How Chinese Netizens Overwhelmed China’s Internet Controls

Protesters cover their faces with blank sheets of paper as they protest against China's zero-COVID policy in Hong Kong on November 28, 2022.
Zoom in / Protesters cover their faces with blank sheets of paper as they protest against China’s zero-COVID policy in Hong Kong on November 28, 2022.

Anthony Kwan/Getty Images

A week ago, protesters took to the streets of the northwestern city of Urumqi to protest China’s tough measures zero-COVID policy. That night, a much bigger wave of protest hit Chinese social media, especially the super app WeChat. Users shared videos of the protesters and songs like “Do You Hear the People Sing” by MiserableBob Marley’s “Get Up, Stand Up” and Patti Smith’s “Power to the People”.

In the following days, the protests spread. A mostly masked crowd in Beijing’s Liangmaqiao district held up blank sheets of paper and called for an end to tough COVID policies. Throughout the city, at the elite Tsinghua University, protesters displayed printouts of a physical formula known as Friedman’s equation because its namesake sounds like “free man”. Similar scenes unfolded in cities and university campuses across China in a wave of protest that has been compared to the 1989 student movement that ended in a bloody crackdown in Tiananmen Square.

Unlike those previous protests, the demonstrations that have rocked China over the past week have been woven together and spread by smartphones and social media. The government of the country has tried to strike a balance between embracing technology And limit the power of citizens use it to protest or organize, building sweeping powers of censorship and surveillance. But last weekend, the momentum of China’s digital population and their frustration, courage and anger seemed to break free from government control. It took days for Chinese censorship and police to crack down on dissent on the internet and on city streets. By then, images and video of the protests had spread around the world, and Chinese citizens had demonstrated that they could maneuver around the Great Firewall and other controls.

“The atmosphere on WeChat was like nothing I had ever experienced before,” says a British citizen who has lived in Beijing for more than a decade, who asked not to be named to avoid scrutiny by Chinese authorities. “There seemed to be a recklessness and excitement in the air as people grew bolder and bolder with each post, each new person testing the government’s boundaries and their own.” He saw different posts than he had seen before on China’s tightly controlled Internet, such as a picture of a Xinjiang official with the blunt caption “Fuck you.”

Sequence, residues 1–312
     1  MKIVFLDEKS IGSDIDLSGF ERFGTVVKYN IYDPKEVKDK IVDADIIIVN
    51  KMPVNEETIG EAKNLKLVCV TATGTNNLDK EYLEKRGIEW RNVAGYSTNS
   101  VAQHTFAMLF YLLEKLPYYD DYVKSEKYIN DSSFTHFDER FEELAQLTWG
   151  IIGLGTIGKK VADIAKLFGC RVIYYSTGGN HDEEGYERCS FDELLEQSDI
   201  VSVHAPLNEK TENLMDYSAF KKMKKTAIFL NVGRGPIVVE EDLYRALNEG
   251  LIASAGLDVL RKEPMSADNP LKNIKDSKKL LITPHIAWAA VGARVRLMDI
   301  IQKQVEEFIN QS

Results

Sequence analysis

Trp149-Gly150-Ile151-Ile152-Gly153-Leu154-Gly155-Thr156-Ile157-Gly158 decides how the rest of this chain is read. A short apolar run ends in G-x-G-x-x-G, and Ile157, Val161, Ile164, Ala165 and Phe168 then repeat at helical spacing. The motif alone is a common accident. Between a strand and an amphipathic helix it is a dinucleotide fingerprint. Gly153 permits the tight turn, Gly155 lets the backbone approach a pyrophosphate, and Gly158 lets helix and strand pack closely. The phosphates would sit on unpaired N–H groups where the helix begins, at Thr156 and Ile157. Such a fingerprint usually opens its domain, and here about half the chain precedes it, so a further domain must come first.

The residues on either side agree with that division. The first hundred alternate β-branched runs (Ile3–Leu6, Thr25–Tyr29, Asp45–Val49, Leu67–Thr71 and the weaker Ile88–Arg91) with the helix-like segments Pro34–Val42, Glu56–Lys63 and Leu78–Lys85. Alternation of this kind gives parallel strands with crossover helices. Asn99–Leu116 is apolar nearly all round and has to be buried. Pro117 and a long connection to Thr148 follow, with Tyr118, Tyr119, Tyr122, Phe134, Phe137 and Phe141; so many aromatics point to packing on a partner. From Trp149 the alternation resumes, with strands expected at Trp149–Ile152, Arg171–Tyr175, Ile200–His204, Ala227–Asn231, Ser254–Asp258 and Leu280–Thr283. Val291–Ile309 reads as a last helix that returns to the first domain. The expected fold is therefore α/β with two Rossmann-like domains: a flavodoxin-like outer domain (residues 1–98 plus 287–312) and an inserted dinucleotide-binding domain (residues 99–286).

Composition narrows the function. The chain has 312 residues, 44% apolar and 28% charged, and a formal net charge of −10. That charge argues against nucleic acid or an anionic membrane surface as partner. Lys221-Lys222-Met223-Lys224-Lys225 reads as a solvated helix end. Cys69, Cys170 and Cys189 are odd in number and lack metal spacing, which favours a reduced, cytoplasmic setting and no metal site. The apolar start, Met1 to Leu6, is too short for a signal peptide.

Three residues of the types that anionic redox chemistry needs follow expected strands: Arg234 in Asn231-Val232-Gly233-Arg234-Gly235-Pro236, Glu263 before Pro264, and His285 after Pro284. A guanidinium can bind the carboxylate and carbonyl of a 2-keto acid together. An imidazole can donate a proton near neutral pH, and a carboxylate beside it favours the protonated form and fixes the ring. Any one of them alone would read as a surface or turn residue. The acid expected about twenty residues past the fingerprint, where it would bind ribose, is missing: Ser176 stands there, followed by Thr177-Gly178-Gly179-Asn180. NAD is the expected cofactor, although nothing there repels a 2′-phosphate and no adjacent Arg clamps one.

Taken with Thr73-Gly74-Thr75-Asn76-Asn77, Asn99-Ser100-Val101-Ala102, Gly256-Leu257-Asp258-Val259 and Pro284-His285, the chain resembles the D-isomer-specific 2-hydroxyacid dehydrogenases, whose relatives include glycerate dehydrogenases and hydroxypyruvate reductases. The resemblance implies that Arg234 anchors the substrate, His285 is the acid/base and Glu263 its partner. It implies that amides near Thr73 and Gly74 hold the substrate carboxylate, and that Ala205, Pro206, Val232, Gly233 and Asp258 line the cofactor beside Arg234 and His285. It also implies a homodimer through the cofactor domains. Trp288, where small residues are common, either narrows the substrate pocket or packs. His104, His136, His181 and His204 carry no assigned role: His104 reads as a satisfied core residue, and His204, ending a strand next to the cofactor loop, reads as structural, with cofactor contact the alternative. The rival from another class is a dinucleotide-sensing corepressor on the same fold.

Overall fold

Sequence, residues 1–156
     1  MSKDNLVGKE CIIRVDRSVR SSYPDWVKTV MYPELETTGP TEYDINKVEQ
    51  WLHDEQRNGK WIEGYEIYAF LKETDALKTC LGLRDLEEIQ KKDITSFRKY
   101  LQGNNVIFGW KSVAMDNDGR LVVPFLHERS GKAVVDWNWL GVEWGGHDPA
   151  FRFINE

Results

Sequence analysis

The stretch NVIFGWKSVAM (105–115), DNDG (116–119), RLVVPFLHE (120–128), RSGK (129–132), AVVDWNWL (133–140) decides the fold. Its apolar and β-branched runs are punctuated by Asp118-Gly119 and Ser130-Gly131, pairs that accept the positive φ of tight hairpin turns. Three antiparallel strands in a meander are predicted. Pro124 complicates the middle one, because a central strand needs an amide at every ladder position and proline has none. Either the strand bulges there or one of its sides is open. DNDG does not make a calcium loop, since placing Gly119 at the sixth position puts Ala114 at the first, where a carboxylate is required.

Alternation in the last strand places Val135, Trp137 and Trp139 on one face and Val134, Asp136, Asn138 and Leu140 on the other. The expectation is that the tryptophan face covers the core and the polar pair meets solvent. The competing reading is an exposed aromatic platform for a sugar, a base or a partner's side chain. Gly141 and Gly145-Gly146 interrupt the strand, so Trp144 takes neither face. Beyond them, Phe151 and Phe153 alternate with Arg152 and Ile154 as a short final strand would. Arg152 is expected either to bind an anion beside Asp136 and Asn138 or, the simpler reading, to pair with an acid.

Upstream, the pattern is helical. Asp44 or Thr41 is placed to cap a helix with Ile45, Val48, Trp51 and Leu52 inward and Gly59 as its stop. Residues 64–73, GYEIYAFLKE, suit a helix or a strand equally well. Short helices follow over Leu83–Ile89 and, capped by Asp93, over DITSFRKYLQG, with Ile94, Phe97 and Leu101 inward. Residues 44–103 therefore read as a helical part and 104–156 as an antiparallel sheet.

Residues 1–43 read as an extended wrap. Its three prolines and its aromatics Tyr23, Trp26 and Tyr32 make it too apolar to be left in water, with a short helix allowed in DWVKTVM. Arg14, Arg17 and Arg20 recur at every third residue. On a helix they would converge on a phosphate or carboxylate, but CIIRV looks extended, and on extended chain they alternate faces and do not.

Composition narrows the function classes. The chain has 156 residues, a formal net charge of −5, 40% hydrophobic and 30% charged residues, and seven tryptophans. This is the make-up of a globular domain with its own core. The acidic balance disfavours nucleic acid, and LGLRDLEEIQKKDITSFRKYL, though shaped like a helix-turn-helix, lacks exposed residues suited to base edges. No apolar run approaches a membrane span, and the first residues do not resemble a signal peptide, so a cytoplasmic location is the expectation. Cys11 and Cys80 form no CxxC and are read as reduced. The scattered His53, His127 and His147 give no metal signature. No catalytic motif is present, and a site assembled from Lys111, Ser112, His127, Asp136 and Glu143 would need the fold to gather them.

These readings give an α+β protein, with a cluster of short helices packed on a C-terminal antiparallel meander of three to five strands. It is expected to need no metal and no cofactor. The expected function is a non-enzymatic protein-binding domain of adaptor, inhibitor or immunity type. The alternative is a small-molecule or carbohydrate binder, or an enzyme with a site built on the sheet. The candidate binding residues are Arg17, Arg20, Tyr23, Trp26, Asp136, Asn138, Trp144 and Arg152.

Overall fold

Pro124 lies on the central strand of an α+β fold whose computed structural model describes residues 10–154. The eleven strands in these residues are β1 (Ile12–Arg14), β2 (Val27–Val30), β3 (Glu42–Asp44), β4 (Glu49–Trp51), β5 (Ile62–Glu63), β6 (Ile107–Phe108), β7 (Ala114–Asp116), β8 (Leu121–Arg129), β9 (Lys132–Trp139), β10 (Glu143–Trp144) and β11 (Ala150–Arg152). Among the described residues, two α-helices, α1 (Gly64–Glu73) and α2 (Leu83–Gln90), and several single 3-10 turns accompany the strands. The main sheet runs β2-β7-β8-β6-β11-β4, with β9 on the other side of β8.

Chinese netizens have developed an idea of ​​what censors will and won’t allow, and many know how to evade certain controls on the Internet. But as the protests spread, younger WeChat users didn’t seem to care about the consequences of their posts, a Guangzhou technician told Wired, calling an encrypted app. Like other Chinese nationals quoted, he asked not to be named due to the danger of government attention. More experienced organizers have used encrypted apps like Telegram or shared on Western platforms, like Instagram and Chirpingto spread the word.

Anti-lockdown demonstrations began as unofficial vigils for victims of a deadly fire in Urumqi, the capital of the northwestern Chinese province of Xinjiang. The city had been under COVID lockdown restrictions for more than 100 days, which some observers believe are hampered victims trying to escape and slowed down emergency responders. Most, if not all, of the victims were members of the Uyghur ethnic minority, which was subjected to a forced assimilation campaign which he sent an esteemed one 1 to 2 million people in re-education camps.

The tragedy came as frustrations with zero-COVID policies were already starting to mount. Violent clashes had erupted among workers and security at a Foxconn factory in Zhengzhou that makes iPhones. Scott Kennedy, of the Center for Strategic and International Studies, a think tank in Washington, DC, says that when he visited Beijing and Shanghai in September and October, it was clear people had “got tired” of measures like regular PCR testing, QR scanning,” health codes” to go everywhere and the constant specter of a new lockdown. “I’m not surprised things boiled over,” says Kennedy. The government signaled in early November that some restrictions would soon be eased, but the fire in Urumqi and news that COVID cases were surging again, he says, “pushed people over the edge.”